I Love Beijing

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I Love Beijing
I Love Beijing DVD.jpg
Traditional 夏日暖樣樣
Simplified 夏日暖洋洋
Mandarin Xiàrì nuǎnyàngyàng
Directed by Ning Ying
Produced by Han Sanping
Wang Zhonglei
Ning Ying
Written by Ning Ying
Ning Dai
Starring Yu Lei
Zu Baitao
Tao Hong
Wang Jing
Music by Zhu Xiaomin
Cinematography Gao Fei
Edited by Ning Ying
Distributed by Celluloid Dreams[1]
Release date
  • January 5, 2001 (2001-01-05) (Rotterdam)
Running time
99 minutes
Language Mandarin

I Love Beijing (simplified Chinese: 夏日暖洋洋; traditional Chinese: 夏日暖樣樣; pinyin: Xiàrì nuǎnyàngyàng; literally: "The Warmth of Summer") is a 2000 Chinese film directed by Ning Ying. It constitutes the third film in Ning's "Beijing Trilogy," a loose coterie of films detailing the rapid changes that have befallen Beijing in recent decades. In this final installment, a recently divorced cabdriver, Desi (Yu Lei) feels disconnected from the modern city of Beijing as he picks up fares around the city, all while engaging in a series of short-term relationships with the various women he meets.

The film was written by Ning and her sister and collaborator, Ning Dai, and was produced by Eurasia Communications and Happy Village.[1]

The film's title in Chinese was originally meant to mirror the English title "I Love Beijing." Ning Ying's ambivalence towards the city's modernization, however, made censors concerned that people would interpret the title as sarcastic, leading to the altered title which translates as the "Warmth of Summer."[2]

Plot[edit]

With each entry into Ning Ying's Beijing Trilogy, the focus has been on a different generation: the elderly in For Fun, the middle-aged in On the Beat and now the youth in I Love Beijing. The film follows the twenty-something taxi driver Desi (Yu Lei) and opens on his divorce proceedings. Finding himself alone, Desi becomes something of a Casanova, and is soon dating a waitress, then a librarian, then a radio talk show host. Each woman, however, lacks something he desires. It becomes clear that despite his serial monogamy, Desi is really a romantic, and wonders when he will find the love of his life in the rapidly changing city he lives in.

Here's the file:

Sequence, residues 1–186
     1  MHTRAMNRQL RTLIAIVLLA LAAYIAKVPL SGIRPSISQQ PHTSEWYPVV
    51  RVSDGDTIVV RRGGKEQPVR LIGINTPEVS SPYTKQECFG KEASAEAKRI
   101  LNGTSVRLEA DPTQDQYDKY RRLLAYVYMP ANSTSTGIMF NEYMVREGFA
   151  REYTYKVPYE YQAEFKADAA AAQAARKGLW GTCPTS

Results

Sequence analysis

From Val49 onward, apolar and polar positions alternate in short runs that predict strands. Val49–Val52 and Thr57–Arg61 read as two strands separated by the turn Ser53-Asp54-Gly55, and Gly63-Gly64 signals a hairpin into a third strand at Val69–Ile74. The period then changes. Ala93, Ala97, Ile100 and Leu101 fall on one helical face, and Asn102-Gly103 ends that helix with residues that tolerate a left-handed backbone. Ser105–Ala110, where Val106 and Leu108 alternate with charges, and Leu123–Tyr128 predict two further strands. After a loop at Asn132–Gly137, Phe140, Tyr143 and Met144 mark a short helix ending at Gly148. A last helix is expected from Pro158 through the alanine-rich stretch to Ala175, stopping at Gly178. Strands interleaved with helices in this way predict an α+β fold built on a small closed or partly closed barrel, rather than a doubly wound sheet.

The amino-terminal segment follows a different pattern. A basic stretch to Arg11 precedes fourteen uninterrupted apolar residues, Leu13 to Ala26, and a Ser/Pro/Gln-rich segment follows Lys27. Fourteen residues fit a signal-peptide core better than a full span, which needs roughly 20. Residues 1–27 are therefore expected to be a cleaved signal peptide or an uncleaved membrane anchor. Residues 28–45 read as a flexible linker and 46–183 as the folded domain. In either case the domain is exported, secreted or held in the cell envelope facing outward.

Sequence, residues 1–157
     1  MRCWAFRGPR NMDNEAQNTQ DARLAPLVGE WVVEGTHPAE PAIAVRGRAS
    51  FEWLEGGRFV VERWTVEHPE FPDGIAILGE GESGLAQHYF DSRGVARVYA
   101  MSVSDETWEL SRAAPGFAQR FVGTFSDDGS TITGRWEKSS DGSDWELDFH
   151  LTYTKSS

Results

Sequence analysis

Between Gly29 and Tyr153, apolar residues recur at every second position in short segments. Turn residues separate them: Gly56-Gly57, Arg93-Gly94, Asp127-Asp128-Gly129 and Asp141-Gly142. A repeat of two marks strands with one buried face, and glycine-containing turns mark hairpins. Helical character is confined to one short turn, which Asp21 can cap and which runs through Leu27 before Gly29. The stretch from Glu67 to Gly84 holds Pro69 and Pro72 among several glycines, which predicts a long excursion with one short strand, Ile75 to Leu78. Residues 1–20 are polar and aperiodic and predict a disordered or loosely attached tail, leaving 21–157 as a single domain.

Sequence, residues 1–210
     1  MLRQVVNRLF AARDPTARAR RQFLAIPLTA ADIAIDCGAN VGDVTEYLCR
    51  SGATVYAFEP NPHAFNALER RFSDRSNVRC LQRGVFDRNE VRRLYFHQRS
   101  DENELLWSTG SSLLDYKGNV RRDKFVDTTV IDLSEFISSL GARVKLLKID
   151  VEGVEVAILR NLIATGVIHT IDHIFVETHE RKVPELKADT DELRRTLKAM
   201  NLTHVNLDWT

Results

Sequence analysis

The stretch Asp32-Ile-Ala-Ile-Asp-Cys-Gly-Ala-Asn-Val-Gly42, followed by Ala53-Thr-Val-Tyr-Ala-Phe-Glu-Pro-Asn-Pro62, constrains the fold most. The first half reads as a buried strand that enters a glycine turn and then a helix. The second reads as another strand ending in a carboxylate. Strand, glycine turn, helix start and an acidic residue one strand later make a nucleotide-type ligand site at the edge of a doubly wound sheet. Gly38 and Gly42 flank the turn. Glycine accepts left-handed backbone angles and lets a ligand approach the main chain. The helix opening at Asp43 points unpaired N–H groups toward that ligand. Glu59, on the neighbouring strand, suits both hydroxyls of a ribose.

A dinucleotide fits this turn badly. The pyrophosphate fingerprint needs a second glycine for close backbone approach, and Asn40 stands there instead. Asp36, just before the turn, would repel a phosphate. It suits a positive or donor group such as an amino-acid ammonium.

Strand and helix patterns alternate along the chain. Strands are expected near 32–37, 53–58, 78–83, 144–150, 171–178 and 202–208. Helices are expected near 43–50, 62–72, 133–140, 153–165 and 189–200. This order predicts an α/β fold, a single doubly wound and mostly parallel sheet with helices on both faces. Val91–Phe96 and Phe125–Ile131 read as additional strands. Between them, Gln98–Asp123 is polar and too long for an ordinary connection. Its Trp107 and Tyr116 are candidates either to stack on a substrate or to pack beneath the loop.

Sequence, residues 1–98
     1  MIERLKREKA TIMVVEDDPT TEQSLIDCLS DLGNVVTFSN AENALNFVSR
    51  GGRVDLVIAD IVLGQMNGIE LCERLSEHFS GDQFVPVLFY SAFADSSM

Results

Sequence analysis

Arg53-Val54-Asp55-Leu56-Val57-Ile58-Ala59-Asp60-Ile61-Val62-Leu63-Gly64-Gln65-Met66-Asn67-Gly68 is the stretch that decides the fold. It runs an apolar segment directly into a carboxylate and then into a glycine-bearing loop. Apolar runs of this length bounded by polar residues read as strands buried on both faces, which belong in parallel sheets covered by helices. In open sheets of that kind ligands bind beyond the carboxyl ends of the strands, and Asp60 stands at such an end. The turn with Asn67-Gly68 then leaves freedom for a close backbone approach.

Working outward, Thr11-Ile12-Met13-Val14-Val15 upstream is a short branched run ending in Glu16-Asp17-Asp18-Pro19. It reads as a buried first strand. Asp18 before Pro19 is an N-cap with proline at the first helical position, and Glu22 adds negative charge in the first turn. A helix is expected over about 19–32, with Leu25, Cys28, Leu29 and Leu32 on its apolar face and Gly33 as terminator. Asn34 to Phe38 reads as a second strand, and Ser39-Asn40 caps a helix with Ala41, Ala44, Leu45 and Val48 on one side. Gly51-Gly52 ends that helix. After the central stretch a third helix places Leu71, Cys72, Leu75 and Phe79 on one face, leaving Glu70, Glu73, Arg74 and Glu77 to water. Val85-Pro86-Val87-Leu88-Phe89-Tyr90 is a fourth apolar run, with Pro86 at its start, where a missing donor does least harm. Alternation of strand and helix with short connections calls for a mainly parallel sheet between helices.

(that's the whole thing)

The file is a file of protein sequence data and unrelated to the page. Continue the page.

Style[edit]

Like Ning's earlier films, which were sometimes described as "cinéma vérité" in both camera work and the use of non-professional actors,[3] I Love Beijing uses a naturalistic filming style. This can be seen in the cinematography of Gao Fei, which Variety noted created "casual yet revealing glimpses in long, seductive sequences that recall stylistically the work of Chantal Akerman."[1]

The film's climactic scene in the night club "Maxim's" was also improvised. Ning sent invitations out to much of Beijing's young, successful population to attend a party but never specifically stated that it was for the purposes of filming a scene.[2] The scene, however, was found to be overly long leading one reviewer to claim that it brought the film "to a dead halt".[1] The negative reaction would lead Ning to edit it out almost entirely in the month before the film's premiere in Berlin.

As a result, there are two versions of the film. The version screened at the 2001 International Film Festival Rotterdam ran 99 minutes, while the version that screened in Berlin the following month clocked in at only 79 minutes.[1]

DVD release[edit]

I Love Beijing was released on Region 1 DVD for North American markets on October 28, 2008 by Facets Multi-Media.

References[edit]

  1. ^ a b c d e Rooney, David (2001-03-05). "I Love Beijing Review". Variety. Retrieved 2008-05-16. 
  2. ^ a b Barden, Christopher (1999). "A Beijing Cabbie's Summer of Love". Beijing Scene. Retrieved 2008-05-16. 
  3. ^ Zhang Zhen (March 22, 2004). "Woman with a Movie Camera: Ning Ying’s cinematic visions document a rapidly changing China". Nieman Reports. Retrieved 2015-09-16. 

External links[edit]